The Ethernet Alliance held its second Higher Speed Networking Plugfest of 2018 at the University of New Hampshire Interoperability Lab (UNH-IOL) in Durham, NH this month. The event gave technology developers working on Ethernet technology for applications ranging from 25 Gigabit Ethernet to 400 Gigabit Ethernet a chance to see how well their offerings met Ethernet specs and played well with others.
The event, which ran the week of December 3, followed a similar interoperability exercise in August (see “Ethernet Alliance plans Higher Speed Ethernet Plugfest”). In an interview conducted at UNH-IOL in the midst of the event, David Chalupsky, hardware architect within the LAN Access Division of Intel and chair of the Higher Speed Networking Subcommittee of the Ethernet Alliance (he’s also on the organization's board), said the fact that this second plugfest occurred so quickly after the first indicates the interest in higher-speed Ethernet product design – as well as the fact that more companies involved in the space now have products ready for such exercises. More than 20 companies participated in the plugfest, making this among the largest, if not the largest, plugfest the Ethernet Alliance has organized. The plugfest would see approximately 1000 unique device pairings, Chalupsky’s estimated at the time. Products involved included network interface cards, optical transceivers, copper-based transmission elements, and test equipment.
The list of companies swelled in part due to the participation of the 100G Lambda Multi-Source Agreement (MSA) group (see “Ethernet Alliance plans December Higher Speed Networking Plugfest, includes 100G Lambda MSA”). The MSA members looked to highlight how well single-wavelength 100 Gigabit Ethernet optical transmission could support 200 Gigabit Ethernet and 400 Gigabit Ethernet requirements, the latter in 400GBASE-FR4 format primarily.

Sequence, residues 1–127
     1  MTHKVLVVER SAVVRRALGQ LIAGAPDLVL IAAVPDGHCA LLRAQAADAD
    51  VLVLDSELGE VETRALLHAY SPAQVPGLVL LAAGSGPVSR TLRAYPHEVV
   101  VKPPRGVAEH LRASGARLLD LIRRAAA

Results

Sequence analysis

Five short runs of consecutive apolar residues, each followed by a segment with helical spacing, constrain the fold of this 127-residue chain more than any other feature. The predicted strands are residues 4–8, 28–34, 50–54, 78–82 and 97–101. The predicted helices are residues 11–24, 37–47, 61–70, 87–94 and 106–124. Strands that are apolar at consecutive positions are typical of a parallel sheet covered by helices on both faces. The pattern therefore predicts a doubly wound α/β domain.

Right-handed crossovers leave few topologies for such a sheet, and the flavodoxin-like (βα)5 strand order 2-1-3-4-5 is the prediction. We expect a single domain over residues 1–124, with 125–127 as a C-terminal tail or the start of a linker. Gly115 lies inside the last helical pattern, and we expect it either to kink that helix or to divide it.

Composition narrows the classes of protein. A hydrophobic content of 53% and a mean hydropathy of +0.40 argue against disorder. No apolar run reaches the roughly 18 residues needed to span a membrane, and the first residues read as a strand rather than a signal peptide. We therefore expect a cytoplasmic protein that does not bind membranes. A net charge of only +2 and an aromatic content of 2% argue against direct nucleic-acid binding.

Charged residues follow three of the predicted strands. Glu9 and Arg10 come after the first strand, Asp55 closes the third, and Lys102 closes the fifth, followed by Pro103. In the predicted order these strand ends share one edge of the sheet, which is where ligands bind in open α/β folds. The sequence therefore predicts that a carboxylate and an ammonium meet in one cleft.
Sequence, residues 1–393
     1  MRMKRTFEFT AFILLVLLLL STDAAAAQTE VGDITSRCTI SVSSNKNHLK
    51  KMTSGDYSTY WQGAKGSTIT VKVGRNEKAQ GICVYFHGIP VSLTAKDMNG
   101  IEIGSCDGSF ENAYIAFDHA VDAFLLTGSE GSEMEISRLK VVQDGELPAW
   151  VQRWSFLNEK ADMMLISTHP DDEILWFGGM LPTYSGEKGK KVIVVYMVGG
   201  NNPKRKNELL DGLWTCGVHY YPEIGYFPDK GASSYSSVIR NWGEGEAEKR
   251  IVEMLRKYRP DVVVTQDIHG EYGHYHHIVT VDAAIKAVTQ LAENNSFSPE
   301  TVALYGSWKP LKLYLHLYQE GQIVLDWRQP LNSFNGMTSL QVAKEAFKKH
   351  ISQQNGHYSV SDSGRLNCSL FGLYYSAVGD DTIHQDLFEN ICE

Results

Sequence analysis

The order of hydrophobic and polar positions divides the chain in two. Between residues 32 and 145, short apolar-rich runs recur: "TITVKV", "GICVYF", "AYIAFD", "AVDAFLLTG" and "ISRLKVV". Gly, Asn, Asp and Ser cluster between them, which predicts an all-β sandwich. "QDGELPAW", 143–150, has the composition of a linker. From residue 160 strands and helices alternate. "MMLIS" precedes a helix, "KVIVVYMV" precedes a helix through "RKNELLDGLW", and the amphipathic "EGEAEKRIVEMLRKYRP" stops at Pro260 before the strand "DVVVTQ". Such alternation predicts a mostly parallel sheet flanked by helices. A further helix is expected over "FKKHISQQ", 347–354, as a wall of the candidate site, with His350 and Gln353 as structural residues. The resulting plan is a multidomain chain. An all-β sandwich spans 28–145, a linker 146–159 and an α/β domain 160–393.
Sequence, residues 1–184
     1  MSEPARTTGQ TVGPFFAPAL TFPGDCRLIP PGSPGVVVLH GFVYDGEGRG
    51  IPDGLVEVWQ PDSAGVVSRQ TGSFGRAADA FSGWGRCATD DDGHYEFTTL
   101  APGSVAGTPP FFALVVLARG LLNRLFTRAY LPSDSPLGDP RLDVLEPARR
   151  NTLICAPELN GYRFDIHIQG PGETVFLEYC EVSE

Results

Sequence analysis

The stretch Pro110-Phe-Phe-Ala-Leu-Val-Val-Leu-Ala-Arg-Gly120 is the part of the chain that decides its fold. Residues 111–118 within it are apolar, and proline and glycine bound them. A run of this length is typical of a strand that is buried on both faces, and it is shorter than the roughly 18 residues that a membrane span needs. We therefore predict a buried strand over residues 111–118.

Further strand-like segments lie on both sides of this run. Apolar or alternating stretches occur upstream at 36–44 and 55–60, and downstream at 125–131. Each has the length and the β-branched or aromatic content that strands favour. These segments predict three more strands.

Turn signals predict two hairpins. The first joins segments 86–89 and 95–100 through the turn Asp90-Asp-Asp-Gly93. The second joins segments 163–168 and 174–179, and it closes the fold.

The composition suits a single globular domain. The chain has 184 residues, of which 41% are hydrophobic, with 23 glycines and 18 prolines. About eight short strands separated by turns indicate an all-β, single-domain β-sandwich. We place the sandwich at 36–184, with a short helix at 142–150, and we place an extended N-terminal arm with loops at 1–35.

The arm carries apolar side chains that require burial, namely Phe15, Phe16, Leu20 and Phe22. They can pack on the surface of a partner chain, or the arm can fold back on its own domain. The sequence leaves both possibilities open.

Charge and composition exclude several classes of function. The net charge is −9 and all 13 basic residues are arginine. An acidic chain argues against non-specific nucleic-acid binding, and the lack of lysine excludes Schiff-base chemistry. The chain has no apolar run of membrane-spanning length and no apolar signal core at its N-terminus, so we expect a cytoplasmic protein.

Chalupsky noted that when vendors are rushing to bring product to market, it’s not uncommon for early instances to fall short on full standards compliance. The August event revealed that auto-negotiation was a frequent shortcoming among the products involved, for example, and so he was looking for progress in that area this time around. He also said that, since MSA specifications tend to be more open to interpretation than IEEE standards, the 100G Lambda MSA members would benefit from uncovering any issues that may arise as they interoperate with their MSA compatriots and others more focused on the IEEE standards.
UNH-IOL is tasked with compiling the results of the plugfest, and the Ethernet Alliance is likely to offer information on what happened early next year. Chalupsky says that the Alliance organizes plugfests at the behest of its members. While he would not predict when or if a similar event might be scheduled next year, he noted that companies have already expressed interest in a reprise, including some not yet ready for the most recent one.
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